I’ve always found the fictional account of the life of Robinson Crusoe more believable, more authentic – more real than the non-fictional, experiential account of Henry David Thoreau in Walden. It is as though the violence of Crusoe’s removal from culture and subsequent complex and unexpected existential epiphanies lend more gravitas to the experience of truly finding an alternative existence away from established culture. It is this same sense of violence that constitutes a large part of the inherent authenticity of a photograph, its decisive plucking from the constant flow of time and space both denying their end – their death – and guaranteeing it.
In a kind of post-Thoreauvian examination of the state of contemporary perceptions of wilderness and nature, Martin Garwood’s Acts of Enclosure sets about creating an alternative environment for the contemplation of our place in nature and the index we leave behind. The opening essay by Christiane Monarchi ends on a humbling and rather emotive point, personifying the woodlands almost as children, semi-satirically questioning whether they will know ‘how to be’ once the current land owners pass on. This removed, slightly incredulous mood is left with the reader for the rest of the book, where the ludicrosity of man’s imposition on nature is exposed with harsh flash lighting and artificial backdrops. Incredible games are played with the items that Martin Garwood finds, juxtaposing them with their environments, creating ritualistic sculptures from remnants of human existence that litter the woods: constantly re-contextualising, through the lens, the ‘readymade’ installations that, for all reasons other than aesthetic, have come to be.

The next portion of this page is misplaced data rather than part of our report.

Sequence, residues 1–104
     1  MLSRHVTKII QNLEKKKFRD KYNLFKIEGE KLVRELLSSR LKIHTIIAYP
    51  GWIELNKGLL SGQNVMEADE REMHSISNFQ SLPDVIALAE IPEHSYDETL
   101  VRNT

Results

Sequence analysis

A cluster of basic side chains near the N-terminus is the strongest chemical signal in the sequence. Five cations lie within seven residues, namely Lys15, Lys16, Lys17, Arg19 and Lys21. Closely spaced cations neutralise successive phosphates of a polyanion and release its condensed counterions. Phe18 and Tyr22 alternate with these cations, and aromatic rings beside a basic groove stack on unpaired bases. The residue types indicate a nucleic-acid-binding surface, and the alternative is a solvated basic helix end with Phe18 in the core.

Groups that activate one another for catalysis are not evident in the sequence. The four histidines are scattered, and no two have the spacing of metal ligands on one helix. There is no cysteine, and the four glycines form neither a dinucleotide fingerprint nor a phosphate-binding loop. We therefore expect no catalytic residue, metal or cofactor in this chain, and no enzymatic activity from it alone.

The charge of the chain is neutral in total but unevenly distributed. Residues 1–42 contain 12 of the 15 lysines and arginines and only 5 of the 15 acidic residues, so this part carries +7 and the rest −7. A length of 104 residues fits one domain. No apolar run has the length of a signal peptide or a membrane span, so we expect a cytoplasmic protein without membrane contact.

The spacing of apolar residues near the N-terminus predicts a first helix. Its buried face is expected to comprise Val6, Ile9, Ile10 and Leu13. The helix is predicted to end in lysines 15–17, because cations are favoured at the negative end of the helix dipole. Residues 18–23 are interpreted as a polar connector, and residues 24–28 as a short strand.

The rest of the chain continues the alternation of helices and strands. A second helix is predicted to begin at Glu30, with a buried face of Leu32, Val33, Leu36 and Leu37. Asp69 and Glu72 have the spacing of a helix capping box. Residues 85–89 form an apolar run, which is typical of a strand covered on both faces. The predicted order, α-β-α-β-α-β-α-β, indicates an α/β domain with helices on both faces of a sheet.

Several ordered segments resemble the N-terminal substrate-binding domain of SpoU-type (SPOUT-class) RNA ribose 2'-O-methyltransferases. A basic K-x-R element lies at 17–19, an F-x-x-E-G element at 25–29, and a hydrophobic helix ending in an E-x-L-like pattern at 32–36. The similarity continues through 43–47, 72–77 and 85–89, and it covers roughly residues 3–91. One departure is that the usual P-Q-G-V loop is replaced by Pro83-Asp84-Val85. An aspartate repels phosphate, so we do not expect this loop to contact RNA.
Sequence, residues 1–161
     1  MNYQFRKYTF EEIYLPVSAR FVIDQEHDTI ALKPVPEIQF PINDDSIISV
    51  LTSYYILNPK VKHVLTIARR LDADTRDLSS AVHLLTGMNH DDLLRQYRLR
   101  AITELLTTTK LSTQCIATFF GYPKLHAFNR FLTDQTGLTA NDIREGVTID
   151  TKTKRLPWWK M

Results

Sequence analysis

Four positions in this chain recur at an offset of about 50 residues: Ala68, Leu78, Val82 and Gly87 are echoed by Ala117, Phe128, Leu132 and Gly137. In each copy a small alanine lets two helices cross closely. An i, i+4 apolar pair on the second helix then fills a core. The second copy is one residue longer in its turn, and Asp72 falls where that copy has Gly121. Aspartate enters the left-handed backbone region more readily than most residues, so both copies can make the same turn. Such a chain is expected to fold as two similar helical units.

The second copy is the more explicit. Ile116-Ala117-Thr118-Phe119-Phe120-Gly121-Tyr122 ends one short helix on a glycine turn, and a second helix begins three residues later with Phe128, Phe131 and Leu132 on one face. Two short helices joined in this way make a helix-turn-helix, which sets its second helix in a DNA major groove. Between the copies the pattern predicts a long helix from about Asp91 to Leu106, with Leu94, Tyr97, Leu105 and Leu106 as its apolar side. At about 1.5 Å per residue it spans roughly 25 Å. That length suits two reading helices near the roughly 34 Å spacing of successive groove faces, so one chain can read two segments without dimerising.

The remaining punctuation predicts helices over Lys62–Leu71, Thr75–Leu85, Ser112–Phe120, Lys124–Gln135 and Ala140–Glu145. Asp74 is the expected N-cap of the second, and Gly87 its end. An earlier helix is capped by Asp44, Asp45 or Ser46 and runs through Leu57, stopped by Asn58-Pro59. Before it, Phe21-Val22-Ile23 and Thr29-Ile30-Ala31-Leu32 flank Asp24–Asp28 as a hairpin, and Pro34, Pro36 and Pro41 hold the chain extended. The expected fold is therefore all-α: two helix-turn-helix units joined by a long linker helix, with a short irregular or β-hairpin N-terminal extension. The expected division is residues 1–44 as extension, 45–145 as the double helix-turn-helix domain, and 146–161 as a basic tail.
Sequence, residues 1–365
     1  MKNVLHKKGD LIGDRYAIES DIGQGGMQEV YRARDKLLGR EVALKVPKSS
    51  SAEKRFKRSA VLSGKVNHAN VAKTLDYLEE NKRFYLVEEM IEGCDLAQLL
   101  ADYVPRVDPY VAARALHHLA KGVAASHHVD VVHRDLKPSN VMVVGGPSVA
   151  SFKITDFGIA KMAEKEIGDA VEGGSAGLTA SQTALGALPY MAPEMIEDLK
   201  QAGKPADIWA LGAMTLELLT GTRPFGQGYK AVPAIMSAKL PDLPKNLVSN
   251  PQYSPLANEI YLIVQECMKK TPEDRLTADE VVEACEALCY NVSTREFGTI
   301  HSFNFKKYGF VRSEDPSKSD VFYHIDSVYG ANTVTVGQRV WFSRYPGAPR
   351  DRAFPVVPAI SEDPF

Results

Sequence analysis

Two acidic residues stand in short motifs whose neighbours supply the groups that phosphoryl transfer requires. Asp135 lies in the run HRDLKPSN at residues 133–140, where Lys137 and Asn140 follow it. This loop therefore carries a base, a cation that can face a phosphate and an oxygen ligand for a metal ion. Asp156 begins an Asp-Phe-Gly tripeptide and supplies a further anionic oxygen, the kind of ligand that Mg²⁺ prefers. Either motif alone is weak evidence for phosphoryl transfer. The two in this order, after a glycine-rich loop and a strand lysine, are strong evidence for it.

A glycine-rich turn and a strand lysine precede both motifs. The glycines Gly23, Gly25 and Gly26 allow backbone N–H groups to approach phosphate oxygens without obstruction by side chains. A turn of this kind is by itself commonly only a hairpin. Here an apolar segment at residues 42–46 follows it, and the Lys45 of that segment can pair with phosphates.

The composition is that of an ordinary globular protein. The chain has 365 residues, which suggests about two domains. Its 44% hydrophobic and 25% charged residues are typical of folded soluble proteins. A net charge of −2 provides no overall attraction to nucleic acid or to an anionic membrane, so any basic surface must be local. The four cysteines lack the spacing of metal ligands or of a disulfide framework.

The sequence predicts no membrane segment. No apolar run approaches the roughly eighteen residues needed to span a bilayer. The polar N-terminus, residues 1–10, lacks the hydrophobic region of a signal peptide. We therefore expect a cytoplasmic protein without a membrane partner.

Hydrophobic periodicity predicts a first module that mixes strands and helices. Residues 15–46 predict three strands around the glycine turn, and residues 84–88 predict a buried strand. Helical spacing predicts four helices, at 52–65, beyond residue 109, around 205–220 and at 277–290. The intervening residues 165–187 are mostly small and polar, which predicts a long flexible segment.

The images are satirical then? Not quite. In fact, the tone and mood of the series as a whole is too sophisticated to label with just one singular description. Some are elegiac, sorrowful images that long for something other, while others are light-hearted and humorous. The space in which the images exist is also hard to place, constantly dancing on the borders of its own self-constructed hinterland between interior and exterior, wilderness and domesticity, nature and culture. The uncoated matte pages of the book do a fine job in trying to contain this fluctuating and delicate world, inviting one to touch the images in a futile attempt to aid comprehension whilst failing to offer anything more than the image-as-object. We fail to comprehend the defamiliarised scenes of banality that are presented, appearing closer to fiction than reality.
Having now seen the work as both exhibition piece and photobook I have formed a confusing relationship with the individual images. Their colours and tone exude a kind of seductiveness that draws me in, through the surface to bathe in their sumptuous richness. I am, however, rejected by the close, claustrophobic, almost flat plane in which the photographs exist – they rebuff my every effort to find them relaxing. They agitate my very being into seeing differently: feeling differently.
I’m not sure whether Acts of Enclosure should be considered a work of fact or fiction, and I wouldn’t want to find an answer for definite. When I first read Robinson Crusoe my old, tatty edition displayed nowhere the author’s name, leaving me, for a few years, suspended in a kind of uncertain disbelief. I wanted to believe this figure really did exist and the events really did happen. My disappointment upon learning of Daniel Defoe’s authorship was on par with my disappointment at the summation of Thoreau’s experiment: his return back to the society he sought refuge from. I do not wish to know what stories precede the individual scenes in the book; I probably wouldn’t believe them anyway.
– review by Ollie Gapper